I have been reading a lot of articles (and watching documentaries) about Janis Joplin in the past few days. That wild hair, the bell sleeves, the unending strings of beads. Everything that you think of when you think hippy. I’ve always felt attracted to that style. Although recently I have been moving away from the ethnic and ethereal embroidery and lace and toward the black and grey chunky, boxy and oversized, the hippy esthetic still pulls me like a magnet and I think it will always be, in one way or another, a part of me.
“The first hippie pinup girl,” as Janis Joplin thought of herself, was however hardly a role model. And that is probably because her image is too multifaceted. She was too real and honest in everything in her life. She has remained in our cultural memory as a complex personality full of contradictions and marked by dualities. A purveyor of women’s liberation who longed for the ideal of traditional romantic love. A free spirit who was tormented by not being conventionally pretty. A national-stature rock star who wanted most to have a family and make her parents happy and proud.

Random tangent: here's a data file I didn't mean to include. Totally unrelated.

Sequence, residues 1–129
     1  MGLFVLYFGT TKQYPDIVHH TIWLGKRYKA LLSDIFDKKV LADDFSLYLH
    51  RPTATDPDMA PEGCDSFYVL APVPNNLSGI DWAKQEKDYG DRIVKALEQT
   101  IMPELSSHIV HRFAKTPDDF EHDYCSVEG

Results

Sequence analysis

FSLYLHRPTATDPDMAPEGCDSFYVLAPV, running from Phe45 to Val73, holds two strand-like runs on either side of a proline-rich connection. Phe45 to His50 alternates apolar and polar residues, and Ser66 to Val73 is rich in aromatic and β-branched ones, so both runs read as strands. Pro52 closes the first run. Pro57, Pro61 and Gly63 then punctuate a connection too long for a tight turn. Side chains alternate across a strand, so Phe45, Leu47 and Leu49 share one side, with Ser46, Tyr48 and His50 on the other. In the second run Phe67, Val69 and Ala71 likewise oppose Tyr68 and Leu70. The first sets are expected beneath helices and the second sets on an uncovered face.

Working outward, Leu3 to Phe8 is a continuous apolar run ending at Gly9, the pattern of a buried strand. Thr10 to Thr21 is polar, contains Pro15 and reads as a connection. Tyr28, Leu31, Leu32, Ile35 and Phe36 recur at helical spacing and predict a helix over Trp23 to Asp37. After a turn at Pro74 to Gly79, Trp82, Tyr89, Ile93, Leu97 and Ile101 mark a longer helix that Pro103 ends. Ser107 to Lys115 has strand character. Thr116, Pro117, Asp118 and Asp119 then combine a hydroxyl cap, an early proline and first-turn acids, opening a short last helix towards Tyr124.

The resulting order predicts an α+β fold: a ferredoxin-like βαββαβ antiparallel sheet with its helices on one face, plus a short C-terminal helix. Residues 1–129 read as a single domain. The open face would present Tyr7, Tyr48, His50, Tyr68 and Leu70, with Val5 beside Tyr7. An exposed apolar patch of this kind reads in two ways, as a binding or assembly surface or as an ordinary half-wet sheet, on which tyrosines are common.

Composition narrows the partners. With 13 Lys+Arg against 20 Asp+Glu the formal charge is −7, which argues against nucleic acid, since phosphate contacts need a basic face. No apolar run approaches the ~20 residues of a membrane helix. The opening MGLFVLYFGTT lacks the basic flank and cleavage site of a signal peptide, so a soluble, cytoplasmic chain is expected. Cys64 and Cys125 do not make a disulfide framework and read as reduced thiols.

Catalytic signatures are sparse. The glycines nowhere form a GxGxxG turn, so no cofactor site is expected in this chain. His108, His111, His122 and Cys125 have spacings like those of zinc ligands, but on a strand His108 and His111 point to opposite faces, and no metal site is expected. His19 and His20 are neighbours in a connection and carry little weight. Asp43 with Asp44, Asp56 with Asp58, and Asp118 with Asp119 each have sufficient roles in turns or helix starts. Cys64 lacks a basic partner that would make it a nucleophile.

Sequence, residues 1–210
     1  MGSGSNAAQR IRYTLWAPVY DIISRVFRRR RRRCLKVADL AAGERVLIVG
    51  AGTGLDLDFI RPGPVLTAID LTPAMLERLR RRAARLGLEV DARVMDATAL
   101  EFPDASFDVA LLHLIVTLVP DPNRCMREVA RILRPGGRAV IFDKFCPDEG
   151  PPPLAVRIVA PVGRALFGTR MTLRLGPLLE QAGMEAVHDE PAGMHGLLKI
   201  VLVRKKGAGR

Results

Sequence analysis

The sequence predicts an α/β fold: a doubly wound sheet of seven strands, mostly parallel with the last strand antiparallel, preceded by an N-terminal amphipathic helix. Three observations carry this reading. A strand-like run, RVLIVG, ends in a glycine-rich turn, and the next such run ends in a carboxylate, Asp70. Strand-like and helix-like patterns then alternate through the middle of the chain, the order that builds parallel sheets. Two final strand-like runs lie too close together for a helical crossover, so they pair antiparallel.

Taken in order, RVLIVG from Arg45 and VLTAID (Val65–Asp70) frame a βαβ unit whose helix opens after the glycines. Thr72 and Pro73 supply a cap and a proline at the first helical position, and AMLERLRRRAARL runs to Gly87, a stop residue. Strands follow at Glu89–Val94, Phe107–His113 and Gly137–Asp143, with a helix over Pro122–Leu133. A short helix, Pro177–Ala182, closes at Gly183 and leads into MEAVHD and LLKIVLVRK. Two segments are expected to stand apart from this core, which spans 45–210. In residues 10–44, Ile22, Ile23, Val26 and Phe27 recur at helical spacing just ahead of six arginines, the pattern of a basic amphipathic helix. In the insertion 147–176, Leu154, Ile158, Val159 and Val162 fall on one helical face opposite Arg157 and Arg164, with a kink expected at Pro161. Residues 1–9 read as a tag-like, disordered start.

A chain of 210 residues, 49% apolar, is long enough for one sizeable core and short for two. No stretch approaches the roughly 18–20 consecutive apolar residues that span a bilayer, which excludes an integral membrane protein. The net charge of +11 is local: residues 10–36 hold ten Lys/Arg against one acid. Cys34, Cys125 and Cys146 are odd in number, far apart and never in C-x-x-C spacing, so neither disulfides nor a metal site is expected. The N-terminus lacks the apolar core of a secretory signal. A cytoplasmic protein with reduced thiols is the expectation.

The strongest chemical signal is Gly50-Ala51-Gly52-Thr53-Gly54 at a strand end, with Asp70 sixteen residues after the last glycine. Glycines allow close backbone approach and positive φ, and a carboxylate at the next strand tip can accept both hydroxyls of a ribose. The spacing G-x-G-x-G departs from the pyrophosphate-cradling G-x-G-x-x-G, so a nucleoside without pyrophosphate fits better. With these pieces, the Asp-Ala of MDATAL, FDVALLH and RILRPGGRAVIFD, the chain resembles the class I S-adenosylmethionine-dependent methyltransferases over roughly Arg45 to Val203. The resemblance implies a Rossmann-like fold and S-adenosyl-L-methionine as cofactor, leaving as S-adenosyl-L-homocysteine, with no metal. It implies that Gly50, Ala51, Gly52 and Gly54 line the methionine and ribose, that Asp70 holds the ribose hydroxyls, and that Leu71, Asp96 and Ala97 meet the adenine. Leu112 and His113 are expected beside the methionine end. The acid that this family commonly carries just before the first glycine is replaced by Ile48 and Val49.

Her look was a big influence and a huge part of her persona. Her loose clothing and wild hair had a big role to play in liberating women at the time from the restrictive girdled clothing styles and complicated coiffures. Janis Joplin & The New Feminism by Jerome L. Rodnitzky is a very interesting article that I recommend if you want to find out more about the role she played, even unwittingly, in the Women’s Liberation Movement whose rise coincided with Janis Joplin’s own rise to fame.
An interesting discovery for me was that Janis Joplin used a lot of thrift store clothing and she sewed many of her own clothes too. No wonder I find her style so appealing.
“FASHION NEWS: I went out & bought myself a $35 pair of boots. Oh they are so groovey!! They’re old-fashioned in their style-tight w/buttons up the front. Black. FANTASTIC! When I get back, I’m going to rent a sewing machine & make myself some sort of beautiful/outlandish dress to go w/them.” Janis Joplin, September 1966 (From Janis Joplin: Daring to be Different, by Kinsley Suer PortlandCenterStage–you can read a lot of interesting info about her style in this article.)
Copyright 2018 Lori Tiron-Pandit